Blog Post

Laura Lu Scherer Copenhaver

Women’s History Month

On August 29th, 1868 Laura Lu Scherer Copenhaver was born in Columbus, Texas and in 1871, her family returned back to Southwest Virginia. Laura attended the Marion Female College, the college her father started and after her graduation, she returned to work as a teacher at the school. She taught at the college for 25 years, mainly teaching English, mathematics, and astronomy. During those years, she wrote fiction, poetry, and dozens of pageants for the United Lutheran Church of America. She was very dedicated to the church and had a passion for mission work within the community. In 1916, she became a member of the Women’s Home and Foreign Missionary Society of the Evangelical Lutheran Synod of the Southwestern Virginia. She also was elected to the Literature Committee of the Women’s Missionary Society. In 1922, Ms. Copenhaver addressed the biennial convention of the Women’s Missionary Society. They were so moved, they began to work within Southwestern Virginia. Her efforts also established the Konnarock Training School (now the Blue Ridge Discovery Center). The school opened in 1925 and was a public elementary school with a private boarding division. The school provided academic and religious education for boys and girls in the community who did not have access to other public schools. Not only was Copenhaver very involved in academic improvement in the region, she also was an advocate for developing the region’s agricultural economy. In the spring of 1921, she joined the Virginia Farm Bureau Federation. She addressed farmer’s about the importance of financial conditions of family farms. She also advocated heavily for the improvement of standards of living for farm families. Copenhaver also developed Rosemont Textiles, which produced coverlets based on traditional patterns. Her company provided many women with a source of income that was relatively rare during that time. In 1922, Laura was recognized for her civic work and encouraged to become a House of Representatives candidate. Eventually, she turned down the prospect because she could not leave her family for politics. In 1940, Laura passed away at Rosemont and is buried at Round Hill Cemetery in Marion.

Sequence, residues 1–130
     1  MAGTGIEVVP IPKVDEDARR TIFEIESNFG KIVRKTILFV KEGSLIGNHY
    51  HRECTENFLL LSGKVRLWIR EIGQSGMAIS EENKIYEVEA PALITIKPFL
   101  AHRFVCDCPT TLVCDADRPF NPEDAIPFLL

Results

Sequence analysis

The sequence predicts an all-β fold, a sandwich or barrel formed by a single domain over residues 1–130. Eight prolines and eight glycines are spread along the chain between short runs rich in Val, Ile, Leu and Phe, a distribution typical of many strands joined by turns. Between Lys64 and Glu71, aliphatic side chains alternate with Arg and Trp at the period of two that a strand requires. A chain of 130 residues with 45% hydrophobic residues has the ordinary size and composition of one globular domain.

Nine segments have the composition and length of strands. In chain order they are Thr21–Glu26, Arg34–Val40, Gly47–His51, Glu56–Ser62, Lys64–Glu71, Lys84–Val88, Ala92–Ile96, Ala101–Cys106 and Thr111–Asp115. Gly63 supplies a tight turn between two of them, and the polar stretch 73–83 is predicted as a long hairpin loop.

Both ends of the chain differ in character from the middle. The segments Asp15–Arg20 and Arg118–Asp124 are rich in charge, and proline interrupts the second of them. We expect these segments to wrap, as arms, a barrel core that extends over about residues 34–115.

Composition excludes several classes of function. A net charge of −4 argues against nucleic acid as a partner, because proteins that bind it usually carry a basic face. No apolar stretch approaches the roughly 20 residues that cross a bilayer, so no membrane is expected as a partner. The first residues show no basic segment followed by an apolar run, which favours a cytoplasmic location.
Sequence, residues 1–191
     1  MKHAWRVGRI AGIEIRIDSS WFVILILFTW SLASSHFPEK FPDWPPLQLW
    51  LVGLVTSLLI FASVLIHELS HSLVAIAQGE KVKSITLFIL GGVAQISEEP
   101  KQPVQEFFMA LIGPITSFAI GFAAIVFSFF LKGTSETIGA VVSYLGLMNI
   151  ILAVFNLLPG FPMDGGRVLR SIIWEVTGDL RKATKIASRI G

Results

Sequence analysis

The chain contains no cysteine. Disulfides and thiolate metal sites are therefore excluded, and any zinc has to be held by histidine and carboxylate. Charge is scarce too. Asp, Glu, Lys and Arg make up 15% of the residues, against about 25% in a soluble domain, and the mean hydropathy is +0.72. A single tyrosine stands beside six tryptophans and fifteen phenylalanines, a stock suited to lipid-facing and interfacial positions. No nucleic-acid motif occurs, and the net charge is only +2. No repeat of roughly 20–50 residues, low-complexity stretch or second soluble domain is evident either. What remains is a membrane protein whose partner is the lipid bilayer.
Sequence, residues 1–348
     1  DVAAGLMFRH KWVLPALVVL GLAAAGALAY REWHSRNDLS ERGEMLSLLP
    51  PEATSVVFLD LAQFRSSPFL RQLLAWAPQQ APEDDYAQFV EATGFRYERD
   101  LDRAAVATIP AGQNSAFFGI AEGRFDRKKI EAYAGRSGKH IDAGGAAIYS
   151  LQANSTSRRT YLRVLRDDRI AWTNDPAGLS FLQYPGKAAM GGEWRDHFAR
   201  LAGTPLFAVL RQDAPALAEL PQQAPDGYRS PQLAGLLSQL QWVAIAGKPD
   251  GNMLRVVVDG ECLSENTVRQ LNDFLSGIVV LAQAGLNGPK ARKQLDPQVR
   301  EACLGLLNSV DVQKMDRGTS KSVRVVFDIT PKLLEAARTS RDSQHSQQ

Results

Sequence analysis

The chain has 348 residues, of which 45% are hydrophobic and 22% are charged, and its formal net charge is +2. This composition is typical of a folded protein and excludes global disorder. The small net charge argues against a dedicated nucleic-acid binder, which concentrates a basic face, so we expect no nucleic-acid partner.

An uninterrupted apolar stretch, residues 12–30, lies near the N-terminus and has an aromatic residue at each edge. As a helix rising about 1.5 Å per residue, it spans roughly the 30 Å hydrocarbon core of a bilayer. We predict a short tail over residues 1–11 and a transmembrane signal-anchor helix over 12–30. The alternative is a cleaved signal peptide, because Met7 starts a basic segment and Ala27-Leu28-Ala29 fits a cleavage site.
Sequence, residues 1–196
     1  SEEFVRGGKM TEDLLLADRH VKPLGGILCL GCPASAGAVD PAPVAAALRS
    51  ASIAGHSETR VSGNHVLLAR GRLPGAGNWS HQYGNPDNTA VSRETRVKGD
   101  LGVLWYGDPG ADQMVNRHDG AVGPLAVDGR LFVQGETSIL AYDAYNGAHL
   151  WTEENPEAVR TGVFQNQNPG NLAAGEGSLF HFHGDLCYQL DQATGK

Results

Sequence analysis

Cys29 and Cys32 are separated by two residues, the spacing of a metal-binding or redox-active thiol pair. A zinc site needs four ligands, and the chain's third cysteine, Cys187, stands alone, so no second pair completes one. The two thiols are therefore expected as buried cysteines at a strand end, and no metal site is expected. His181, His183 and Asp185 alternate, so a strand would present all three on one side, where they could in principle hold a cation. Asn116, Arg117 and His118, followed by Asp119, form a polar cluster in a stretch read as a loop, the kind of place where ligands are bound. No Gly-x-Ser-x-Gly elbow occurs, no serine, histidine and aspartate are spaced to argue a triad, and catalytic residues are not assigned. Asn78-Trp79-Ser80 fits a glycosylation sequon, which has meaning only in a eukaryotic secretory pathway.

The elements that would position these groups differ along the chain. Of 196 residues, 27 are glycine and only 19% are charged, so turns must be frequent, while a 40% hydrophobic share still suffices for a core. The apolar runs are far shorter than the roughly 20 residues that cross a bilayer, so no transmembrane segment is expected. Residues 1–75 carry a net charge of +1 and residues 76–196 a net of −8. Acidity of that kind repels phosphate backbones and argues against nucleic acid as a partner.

Laura Lu Copenhaver is a woman who greatly impacted the betterment of Smyth County. She was an advocate for children’s education, for farmers, and for women. Her legacy continues to impact Smyth County and the generations to come. The Konnarock Training School is now the Blue Ridge Discovery Center, opening soon to the public. We honor and celebrate Laura Copenhaver’s life. A statue in her honor is located in Richmond, Virginia at the Virginia Women’s Monument Voices in the Garden.